Phoenix, AZ – The complaint stems from the Feb. 25 incident where Scott Bundgaard got into a squabble in the median of a highway with his then girlfriend. While Bundgaard said he was the victim, he was arrested and earlier this month agreed to plead guilty to endangerment and enter into a domestic violence counseling program. But Sen. Steve Gallardo said the fact that the criminal case is over and Bundgaard was placed on probation should not be the end of the matter.
(If you read these police reports and the documentation we have attached to it, if you hear what the witnesses have to say, this is domestic violence. He was beating her up along the 51. And for us as a legislative body not to look at this type of issue, we're not talking a minor traffic incident here. We're talking domestic violence.)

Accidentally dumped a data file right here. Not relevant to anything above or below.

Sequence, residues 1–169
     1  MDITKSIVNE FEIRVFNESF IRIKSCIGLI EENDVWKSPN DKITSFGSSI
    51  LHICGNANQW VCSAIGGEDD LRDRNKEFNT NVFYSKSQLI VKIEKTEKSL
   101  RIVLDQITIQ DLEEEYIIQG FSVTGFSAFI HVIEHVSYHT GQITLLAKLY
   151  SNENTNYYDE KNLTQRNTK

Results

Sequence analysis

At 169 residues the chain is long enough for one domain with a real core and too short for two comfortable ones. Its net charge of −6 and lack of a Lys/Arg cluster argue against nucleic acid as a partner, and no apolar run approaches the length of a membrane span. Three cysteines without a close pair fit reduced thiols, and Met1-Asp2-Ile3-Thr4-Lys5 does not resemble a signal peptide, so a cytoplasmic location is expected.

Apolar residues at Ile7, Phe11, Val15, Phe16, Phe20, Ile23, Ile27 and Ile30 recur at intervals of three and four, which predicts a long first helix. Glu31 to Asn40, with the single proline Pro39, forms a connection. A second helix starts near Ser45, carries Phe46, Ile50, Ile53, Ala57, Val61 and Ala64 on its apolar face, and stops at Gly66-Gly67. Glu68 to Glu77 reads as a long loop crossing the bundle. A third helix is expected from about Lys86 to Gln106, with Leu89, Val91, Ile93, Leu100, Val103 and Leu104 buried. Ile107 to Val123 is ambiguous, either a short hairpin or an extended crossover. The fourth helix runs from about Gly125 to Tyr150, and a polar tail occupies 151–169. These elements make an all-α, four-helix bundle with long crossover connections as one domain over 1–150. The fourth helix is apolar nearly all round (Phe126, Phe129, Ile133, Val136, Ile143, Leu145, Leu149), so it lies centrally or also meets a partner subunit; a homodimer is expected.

Sen. Ron Gould who chairs the Ethics Committee said the next step in the process will be to give Bundgaard a chance to respond in writing. At that point the full committee will decide whether to proceed. Not everyone on the panel agrees. Sen. Leah Landrum Taylor, a Democrat like Gallardo, had filed an earlier complaint against Bundgaard. But that was placed on hold while the criminal case went forward. Taylor said she believes once that played out, there is no need for an Ethics probe. Bundgaard did not return calls seeking comment. For Arizona Public Radio this is Howard Fischer.